At the end of February 2016, a group of representatives of the Russian State Atomic Energy Corporation Rosatom visited Kazakhstan. The Russian delegation headed by Deputy General Director of Rosatom Vyacheslav Pershukov met with their partners from the Ministry of Energy of the Republic of Kazakhstan. Nuclear energy experts from two countries discussed the prospects of joint work and signing of the forthcoming agreement between the Governments of the Russian Federation and the Republic of Kazakhstan on nuclear energy cooperation, scheduled for 2016.
Among the events of the program, there was a visit to the Nuclear Center of the Republic of Kazakhstan in the rapidly developing town of Kurchatov. Works that are underway at the Semipalatinsk test site and in the labs and presence of young qualified specialists among Kurchatov’s workforce are the best testimonies of that. Kazakh nuclear engineers made a special note of the fact that they give high priority to environmental issues. To implement an ongoing monitoring of the level of radiation pollution, a system that includes the most advanced equipment was designed.
As of today, there are no commercial nuclear power plants operating in Kazakhstan. They have only nuclear research reactors. The only Kazakh nuclear power plant built back in the Soviet times was decommissioned in 1999. For some years now, they have been deliberating the construction of a nuclear power plant in one of the country’s regions. It was proposed to build a new nuclear power plant in Aktau, where the old plant used to be. However, this offer was turned down since the TPS currently operating there generate enough energy to supply the entire region, while other regions of the country experience shortage of electric power.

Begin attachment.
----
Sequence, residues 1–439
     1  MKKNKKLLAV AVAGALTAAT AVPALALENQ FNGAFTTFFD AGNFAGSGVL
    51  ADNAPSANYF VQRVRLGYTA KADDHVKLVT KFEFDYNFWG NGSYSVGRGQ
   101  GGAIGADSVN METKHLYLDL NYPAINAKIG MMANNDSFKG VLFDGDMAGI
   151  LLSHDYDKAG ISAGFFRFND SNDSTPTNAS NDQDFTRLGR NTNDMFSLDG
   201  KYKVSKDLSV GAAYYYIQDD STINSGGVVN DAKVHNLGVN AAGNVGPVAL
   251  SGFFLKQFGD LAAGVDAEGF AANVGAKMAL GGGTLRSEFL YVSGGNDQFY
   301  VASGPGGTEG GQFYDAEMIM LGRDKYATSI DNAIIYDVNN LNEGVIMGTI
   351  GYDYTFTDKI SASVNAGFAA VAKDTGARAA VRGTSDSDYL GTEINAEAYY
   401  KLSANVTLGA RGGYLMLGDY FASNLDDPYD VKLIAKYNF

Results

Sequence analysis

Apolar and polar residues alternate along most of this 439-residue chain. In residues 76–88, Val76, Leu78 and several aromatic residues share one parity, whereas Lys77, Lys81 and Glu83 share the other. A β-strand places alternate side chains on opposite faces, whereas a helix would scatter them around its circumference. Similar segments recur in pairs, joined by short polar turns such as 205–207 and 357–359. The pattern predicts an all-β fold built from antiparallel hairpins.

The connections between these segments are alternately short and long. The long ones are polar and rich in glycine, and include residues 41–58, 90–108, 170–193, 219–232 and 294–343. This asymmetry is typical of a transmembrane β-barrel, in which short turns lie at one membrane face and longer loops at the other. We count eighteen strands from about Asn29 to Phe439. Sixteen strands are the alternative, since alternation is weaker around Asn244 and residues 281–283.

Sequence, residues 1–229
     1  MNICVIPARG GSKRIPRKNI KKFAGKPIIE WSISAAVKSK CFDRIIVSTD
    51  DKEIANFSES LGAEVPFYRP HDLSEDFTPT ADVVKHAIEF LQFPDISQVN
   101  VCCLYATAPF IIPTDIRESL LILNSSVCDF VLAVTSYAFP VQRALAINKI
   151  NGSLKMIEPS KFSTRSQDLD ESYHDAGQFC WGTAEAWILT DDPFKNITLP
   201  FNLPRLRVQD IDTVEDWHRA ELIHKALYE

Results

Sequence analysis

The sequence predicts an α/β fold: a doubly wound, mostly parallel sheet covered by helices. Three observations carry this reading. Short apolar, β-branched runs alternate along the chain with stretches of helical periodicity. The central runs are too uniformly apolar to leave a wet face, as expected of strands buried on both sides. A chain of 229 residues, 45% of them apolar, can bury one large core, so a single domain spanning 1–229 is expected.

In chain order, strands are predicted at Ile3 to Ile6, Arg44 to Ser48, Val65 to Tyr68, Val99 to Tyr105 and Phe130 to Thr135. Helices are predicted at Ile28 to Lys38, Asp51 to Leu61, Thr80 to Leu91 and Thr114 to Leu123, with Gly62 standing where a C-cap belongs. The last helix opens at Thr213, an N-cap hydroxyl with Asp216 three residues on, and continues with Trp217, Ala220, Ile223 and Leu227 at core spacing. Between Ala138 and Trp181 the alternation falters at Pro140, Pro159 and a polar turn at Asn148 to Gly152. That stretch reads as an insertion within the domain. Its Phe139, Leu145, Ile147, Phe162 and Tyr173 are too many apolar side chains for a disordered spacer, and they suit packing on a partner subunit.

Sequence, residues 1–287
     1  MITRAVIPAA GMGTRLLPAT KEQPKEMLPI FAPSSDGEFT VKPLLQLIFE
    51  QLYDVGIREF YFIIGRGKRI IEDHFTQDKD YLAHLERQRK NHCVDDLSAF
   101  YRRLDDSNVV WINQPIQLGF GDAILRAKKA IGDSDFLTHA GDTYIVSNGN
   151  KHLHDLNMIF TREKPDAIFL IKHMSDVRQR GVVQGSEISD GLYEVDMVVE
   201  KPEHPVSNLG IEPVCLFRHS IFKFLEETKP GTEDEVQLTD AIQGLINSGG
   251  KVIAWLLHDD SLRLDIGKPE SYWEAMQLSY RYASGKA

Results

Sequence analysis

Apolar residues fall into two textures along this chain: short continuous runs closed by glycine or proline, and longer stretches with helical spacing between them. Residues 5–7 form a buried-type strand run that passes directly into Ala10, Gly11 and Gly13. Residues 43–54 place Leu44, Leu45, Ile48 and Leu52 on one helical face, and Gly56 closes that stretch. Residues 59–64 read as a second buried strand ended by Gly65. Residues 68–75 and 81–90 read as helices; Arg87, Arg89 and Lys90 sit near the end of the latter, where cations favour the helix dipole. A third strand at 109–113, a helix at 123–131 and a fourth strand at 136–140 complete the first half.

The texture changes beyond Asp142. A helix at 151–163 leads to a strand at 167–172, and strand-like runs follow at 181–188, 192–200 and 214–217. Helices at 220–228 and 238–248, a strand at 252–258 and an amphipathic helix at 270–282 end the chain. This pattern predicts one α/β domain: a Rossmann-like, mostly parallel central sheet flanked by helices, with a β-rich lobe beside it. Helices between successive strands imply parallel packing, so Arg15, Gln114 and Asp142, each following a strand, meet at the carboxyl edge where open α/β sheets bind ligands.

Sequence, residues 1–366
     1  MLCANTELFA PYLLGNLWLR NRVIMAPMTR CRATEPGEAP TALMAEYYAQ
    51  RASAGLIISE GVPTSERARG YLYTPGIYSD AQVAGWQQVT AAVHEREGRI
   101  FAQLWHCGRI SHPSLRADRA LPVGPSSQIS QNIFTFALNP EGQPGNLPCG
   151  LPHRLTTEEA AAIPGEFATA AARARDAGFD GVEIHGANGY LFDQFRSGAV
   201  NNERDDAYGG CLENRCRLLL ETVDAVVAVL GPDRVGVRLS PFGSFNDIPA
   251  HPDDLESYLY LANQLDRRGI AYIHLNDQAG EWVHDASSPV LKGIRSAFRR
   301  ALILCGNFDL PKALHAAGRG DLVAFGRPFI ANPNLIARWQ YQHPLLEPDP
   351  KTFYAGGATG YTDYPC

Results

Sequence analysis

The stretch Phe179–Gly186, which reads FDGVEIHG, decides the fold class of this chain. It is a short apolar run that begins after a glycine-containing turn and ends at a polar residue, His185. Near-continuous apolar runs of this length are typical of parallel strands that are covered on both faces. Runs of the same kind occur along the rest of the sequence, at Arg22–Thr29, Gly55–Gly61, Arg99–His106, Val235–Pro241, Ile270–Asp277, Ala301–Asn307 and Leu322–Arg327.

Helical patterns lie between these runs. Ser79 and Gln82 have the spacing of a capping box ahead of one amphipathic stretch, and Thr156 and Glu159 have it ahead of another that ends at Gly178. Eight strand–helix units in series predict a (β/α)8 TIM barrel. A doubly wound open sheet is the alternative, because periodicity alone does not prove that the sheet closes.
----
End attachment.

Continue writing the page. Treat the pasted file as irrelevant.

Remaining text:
Another option that has been under discussion since the times of the Soviet Union involves building a nuclear power plant near the Lake Balkhash. But this project has never been approved because of protests of the Kazakh public. Many experts also challenge this idea since the disputed area is earthquake prone. An earthquake that occurred near the town of Bakanas in 1979 proves that the fears are not ungrounded. The bitter experience of Chernobyl and Fukushima taught the humanity to be take all possible precaution measures and be extra careful when deliberating a construction site for a nuclear power plant. However, despite being challenged by seismologists and protested by ecologists on numerous occasions, the Kazakh leadership is still considering this project. They say that the area is being carefully explored, and that all the necessary measures will be taken to assure the future nuclear power plant’s operation is safe. The Government of Kazakhstan is also assuring that the scope of data disclosed by Japanese scientists who had investigated the causes of the 2011 Fukushima nuclear power plant disaster will be considered when it comes to the construction of the Kazakh plant.
Construction of a nuclear power plant, however, is always a risky adventure, and it is impossible to account for all possible adversities. The Government of Kazakhstan is willing to take the risk because successful implementation of the project would solve many electric power supply and economic problems. The leadership of Kazakhstan sees the country’s energy security as the foremost concern (the country’s southern regions are still buying electricity from Kyrgyzstan and Uzbekistan).